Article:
Molecular Foundry post-doctoral scholar Hoi Ri Moon, staff scientist Jeff Urban, and Facility Director Delia Milliron demonstrate magnesium oxide nanocrystals that could be a bright candidate for solid-state lighting. (Roy Kaltschmidt, Berkeley Lab)
Scientists at Berkeley Lab have created non-toxic magnesium oxide nanocrystals whose size can be adjusted within just a few nanometers. The nanocrystals glow blue when exposed to ultraviolet light, and could be a bright candidate for lighting that consumes less energy and has a longer lifespan. The nanocrystals could also allow researchers to probe a key pathway in carbon dioxide sequestration.

In its bulk form, magnesium oxide is a cheap, white mineral used in applications like insulating cables. Current routes for generating these alkaline earth metal oxide nanocrystals require processing at high temperatures, which causes uncontrolled growth or fusing of particles to one another - not a desirable outcome when the properties you seek are size-dependent. Vapor phase techniques, which provide size precision, are time and cost-intensive, and leave the nanocrystals attached to a substrate.

The scientists created the nanocrystals of magnesium oxide using an organometallic chemical synthesis route. “We’ve discovered a fundamentally new, unconventional mechanism for nicely controlling the size of these nanocrystals, and realized we had an intriguing and surprising candidate for optical applications,” said Delia Milliron, Facility Director of the Inorganic Nanostructures Facility at Berkeley Lab’s nanoscience research center, the Molecular Foundry. “This efficient, bright blue luminescence could be an inexpensive, attractive alternative in applications such as bio-imaging or solid-state lighting.”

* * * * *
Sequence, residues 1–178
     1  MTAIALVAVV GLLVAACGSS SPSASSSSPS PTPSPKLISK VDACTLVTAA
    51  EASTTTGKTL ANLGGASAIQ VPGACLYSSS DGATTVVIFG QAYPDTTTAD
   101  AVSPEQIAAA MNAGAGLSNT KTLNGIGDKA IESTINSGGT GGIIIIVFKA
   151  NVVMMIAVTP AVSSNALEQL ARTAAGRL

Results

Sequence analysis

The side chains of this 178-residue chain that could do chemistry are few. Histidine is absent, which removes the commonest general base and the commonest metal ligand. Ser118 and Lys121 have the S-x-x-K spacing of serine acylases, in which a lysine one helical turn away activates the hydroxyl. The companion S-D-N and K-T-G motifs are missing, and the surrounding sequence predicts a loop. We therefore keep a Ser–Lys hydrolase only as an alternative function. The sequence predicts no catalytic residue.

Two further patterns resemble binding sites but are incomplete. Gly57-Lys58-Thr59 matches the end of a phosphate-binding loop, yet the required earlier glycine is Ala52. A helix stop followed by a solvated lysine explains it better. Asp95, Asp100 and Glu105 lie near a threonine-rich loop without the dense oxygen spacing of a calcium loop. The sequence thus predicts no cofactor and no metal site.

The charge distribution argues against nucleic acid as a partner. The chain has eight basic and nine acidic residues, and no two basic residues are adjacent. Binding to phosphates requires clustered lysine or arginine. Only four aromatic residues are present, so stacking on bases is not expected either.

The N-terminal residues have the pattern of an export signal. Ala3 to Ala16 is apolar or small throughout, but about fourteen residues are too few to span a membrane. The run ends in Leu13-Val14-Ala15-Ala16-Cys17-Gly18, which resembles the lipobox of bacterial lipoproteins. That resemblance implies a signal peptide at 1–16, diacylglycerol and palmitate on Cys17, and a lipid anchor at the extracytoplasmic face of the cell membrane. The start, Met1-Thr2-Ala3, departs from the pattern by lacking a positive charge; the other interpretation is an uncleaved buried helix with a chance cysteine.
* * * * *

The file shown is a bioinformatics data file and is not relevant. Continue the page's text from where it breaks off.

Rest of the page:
Unlike conventional incandescent or fluorescent bulbs, solid-state lighting makes use of light-emitting semiconductor materials - in general, red, green, and blue emitting materials are combined to create white light. However, efficient blue light emitters are difficult to produce, suggesting the potential of these oxide nanocrystals.

The magnesium oxide nanocrystals will also “serve as a test system for modeling the kinetics of dissolution and mineralization in a simulated fluid-rock reservoir, allowing us to probe a key pathway in carbon dioxide sequestration,” said Jeff Urban, a staff scientist in the Inorganic Nanostructures Facility at the Molecular Foundry. “The geological minerals that fix magnesium into a stable carbonate are compositionally complex, but our nanocrystals will provide a simple model to mimic this intricate process.”

(Berkeley Lab)